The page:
Since the initial Internet release of MySQL, it has been ported to a host of Unix operating systems, Win32, and OS/2. TCX estimates that MySQL runs on about 500,000 severs.
Major changes in Version 3.22, the current recommended version, are:
Faster connections, faster parsing of SQL queries, and a better query optimizer
Support for more operating systems
GRANT and REVOKE commands
CREATE INDEX and DROP INDEX
HIGH_PRIORITY and LOW_PRIORITY lock levels for SELECT, INSERT, UPDATE, and DELETE statements
A new FLUSH command operating on TABLES, HOSTS, LOGS, and PRIVILEGES
A new KILL command in SQL that works like kill under Unix or msqladmin
A HAVING clause supporting expressions
Compressed client/server protocol
Saving default program options in my.cnf files
Major changes in Version 3.23, a development version, are:
Tables directly portable between different operating systems and CPUs
Temporary tables and HEAP tables, which are stored only in RAM
Support for big files (63 bit) on operating systems that support them
True floating point fields
Comments on tables
Sample ANALYSE( ) procedure
Much faster SELECT DISTINCT handling
Future enhancements planned for 3.23 include support for nesting one SELECT statement inside another and support for replicating databases, which permits load distribution among multiple servers and recovery in case of hardware failure.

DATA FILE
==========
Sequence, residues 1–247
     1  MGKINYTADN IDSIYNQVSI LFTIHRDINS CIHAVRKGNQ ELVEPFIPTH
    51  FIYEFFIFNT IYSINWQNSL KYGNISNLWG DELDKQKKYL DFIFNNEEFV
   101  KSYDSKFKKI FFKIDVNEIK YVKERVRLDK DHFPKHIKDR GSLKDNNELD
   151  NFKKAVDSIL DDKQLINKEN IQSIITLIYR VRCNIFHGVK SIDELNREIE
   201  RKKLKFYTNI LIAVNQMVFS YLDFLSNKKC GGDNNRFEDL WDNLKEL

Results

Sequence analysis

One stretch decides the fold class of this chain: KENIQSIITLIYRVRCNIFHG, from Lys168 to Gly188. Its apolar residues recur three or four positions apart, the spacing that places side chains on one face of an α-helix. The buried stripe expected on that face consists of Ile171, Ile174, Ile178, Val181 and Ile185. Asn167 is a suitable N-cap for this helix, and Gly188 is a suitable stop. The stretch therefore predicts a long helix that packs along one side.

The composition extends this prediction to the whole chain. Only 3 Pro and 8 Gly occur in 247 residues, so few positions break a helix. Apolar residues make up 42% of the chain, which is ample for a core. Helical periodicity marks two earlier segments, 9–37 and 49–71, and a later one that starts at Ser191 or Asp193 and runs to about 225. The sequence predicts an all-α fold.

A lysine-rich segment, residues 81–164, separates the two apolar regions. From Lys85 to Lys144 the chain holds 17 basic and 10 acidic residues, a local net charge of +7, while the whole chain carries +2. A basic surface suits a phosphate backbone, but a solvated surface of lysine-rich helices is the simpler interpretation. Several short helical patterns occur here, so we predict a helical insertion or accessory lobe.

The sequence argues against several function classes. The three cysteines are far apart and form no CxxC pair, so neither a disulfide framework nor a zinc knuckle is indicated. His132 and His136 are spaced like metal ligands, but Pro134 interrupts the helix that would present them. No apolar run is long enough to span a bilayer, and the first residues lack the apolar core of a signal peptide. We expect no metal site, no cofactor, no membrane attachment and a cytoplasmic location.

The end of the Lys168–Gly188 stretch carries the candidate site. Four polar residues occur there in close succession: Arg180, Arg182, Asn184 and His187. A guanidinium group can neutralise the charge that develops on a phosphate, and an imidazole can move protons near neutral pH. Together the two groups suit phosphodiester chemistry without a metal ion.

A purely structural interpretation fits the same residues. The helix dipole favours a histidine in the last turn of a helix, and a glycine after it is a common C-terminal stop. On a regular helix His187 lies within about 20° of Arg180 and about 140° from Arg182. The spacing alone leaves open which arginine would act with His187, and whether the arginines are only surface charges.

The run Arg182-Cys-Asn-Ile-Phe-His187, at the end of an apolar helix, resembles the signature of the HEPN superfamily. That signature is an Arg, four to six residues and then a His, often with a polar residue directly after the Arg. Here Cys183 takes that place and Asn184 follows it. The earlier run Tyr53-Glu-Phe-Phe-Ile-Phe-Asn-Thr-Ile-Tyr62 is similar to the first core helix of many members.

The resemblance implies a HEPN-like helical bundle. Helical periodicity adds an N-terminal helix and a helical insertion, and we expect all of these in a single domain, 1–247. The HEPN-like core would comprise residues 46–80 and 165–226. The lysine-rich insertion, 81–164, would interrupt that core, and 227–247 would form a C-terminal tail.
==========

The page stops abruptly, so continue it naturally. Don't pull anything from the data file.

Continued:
MySQL is a very rapidly evolving database platform because of the army of volunteer coders who are helping to add to its strong base. You should therefore not be too surprised to find something that was true when we wrote this chapter is no longer true!
We certainly have not yet provided you with enough information from which to make a decision. To get a full appreciation for the differences between the two engines as they exist today, you need to read on and understand the nuances as we present them in this book. On the surface, MySQL appears to be the obvious choice. mSQL fell behind after a time and is currently slower. David Hughes is not complacent. He is working on Version 2.1 of mSQL which should address many of its current shortcomings. At the same time, however, MySQL is moving ahead at the speed of light.
The case for mSQL may depend on the tools you are using. Because mSQL has been around longer, you may find more luck locating a tool that supports your specific needs. For example, only mSQL had a JDBC 2.0 compliant JDBC driver for Java database access at the time of this book's publication. Certainly this situation will have changed by the time you read this book. Nevertheless, you need to consider issues such as that when you decide which database to use.
No matter which database you use, you will be a winner. Both database engines are faster than any other choice you will make. Both database engines are perfect for mid-range database needs. For an objective comparison of these two databases with each other or any other database, we recommend you visit http://www.mysql.com/crash-me-choose.htmy. It is on the MySQL home page, but its criteria are openly verifiable and it is very well done.